Is our constant desire for love and acceptance draining us?

This morning I walked in to my children making Valentine’s Day cards. When I asked them who their valentine was they looked up with big smiles on their faces, listing all the people in their lives they love and are special to them. I made the list! Woohoo!

We yearn to be loved and accepted from birth and this need follows us into adulthood. When these desires are fulfilled, we find happiness within us. Many people loathe Valentine’s Day for what it is now (“Hallmark Holiday”), but since having children, I look at it as a day to celebrate love not just with a partner, but all those around you. It’s a day to stop and be mindful of the people in your life.  

We spend a lot of our energy wanting to be accepted and loved without even realising. We fear rejection and loneliness. Could the core of some of our stress be related to our constant desire for love and acceptance?

Let’s look at this hypothetically…

  • We are running late, we panic. Do we fear what people think when we walk in late? Are we incompetent and not good enough.
  • We get up in front of a crowd to talk, panic sets in. Do we look ridiculous, people may not accept us for who we are.
  • You’re entertaining guests on the weekend, stress begins to increase. Do we fear our friends think we live in filth and we are not good enough cooks. Will they reject us.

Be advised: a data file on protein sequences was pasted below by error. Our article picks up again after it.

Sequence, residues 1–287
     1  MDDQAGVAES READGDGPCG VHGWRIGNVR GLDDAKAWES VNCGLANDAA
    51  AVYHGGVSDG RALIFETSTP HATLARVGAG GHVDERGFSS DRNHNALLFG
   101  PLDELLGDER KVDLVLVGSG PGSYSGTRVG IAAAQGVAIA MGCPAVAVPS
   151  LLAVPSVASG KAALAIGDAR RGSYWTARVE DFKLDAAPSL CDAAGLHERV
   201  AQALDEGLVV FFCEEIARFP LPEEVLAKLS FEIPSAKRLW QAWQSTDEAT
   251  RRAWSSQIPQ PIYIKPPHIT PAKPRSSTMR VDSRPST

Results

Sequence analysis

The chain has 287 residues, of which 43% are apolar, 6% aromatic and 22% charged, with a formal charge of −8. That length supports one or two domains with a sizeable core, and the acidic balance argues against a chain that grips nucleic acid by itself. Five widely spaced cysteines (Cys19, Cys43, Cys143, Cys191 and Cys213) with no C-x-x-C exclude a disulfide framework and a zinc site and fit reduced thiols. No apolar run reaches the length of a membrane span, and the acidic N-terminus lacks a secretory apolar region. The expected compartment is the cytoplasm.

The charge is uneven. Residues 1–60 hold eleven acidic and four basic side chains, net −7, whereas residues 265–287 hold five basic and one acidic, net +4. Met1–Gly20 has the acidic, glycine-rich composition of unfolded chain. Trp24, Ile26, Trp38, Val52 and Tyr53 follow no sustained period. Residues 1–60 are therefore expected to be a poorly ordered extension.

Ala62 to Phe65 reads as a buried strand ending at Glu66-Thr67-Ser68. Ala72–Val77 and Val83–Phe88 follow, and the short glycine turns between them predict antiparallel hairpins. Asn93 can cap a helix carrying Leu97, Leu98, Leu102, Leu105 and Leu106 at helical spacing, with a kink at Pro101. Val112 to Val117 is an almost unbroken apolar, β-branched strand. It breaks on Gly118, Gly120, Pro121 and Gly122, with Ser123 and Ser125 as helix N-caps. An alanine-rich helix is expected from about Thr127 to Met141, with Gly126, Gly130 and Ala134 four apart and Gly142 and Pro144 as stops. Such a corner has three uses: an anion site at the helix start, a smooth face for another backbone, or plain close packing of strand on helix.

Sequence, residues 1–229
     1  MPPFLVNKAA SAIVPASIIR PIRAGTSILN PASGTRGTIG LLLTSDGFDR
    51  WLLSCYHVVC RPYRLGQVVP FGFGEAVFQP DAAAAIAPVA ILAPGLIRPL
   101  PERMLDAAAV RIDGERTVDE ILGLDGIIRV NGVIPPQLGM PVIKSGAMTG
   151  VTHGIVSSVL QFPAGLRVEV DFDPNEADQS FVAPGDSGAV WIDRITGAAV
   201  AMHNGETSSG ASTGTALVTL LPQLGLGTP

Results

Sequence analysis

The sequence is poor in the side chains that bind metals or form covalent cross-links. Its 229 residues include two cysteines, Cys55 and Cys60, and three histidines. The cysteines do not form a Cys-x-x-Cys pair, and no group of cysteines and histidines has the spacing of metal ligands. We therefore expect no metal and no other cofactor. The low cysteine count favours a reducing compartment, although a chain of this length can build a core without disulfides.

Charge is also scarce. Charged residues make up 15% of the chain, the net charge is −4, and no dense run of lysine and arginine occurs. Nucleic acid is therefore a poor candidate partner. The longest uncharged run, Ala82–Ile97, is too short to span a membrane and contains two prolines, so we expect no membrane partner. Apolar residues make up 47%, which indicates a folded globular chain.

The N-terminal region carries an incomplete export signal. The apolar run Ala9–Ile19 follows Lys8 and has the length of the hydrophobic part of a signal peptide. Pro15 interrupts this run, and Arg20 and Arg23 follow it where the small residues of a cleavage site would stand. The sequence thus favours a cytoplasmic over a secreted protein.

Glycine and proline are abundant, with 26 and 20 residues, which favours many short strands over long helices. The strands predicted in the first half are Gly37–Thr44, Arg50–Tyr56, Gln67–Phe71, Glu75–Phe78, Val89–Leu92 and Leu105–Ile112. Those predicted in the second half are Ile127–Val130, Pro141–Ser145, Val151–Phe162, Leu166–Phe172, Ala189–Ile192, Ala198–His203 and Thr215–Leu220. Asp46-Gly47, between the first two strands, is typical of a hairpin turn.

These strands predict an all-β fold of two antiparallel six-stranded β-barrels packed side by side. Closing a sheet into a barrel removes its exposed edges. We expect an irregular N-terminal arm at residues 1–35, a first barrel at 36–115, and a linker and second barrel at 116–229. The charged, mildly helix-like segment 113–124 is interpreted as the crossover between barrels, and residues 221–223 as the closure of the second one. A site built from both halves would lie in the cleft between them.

Over the years, my unconscious fear of rejection and desire for love and acceptance has stopped me from reaching my greatest potential. It becomes draining to please everyone in your life for constant love and acceptance.

I spent years of my life trying to please my husband. I would make sure the house was perfect, dinner was interesting and constantly seek his approval and acceptance. He never asked me to do this for him. I now realise how much of my life was wasted. Yes, it is nice to do things for others but not when it drains the energy from your life.

A dear friend of mine referred me to a book “The 5 Love Languages.” If only I had read this book many years ago! Dr Chapman states each of us speaks a primary love language. Turns out my husband and I speak a different love language!  All these years I had spent time doing things for him, when all I needed to do was hold his hand. This is how he receives love, through physical touch (and from his guitars!).  Myself, however, I am acts of service – I was expressing love to him the way I naturally receive it.

There is a quiz you or your loved ones can do to find out your primary love language. It has been extremely helpful for me to express love and appreciation for others when I understand how they receive it. Happiness fills us when we not only receive love and compassion but when we express it to those around us.

Today, I spend more energy on loving and approving myself. When we love ourselves first, we find compassion, and everything else becomes that much easier.

Sammy x

Leave a Reply

Close Menu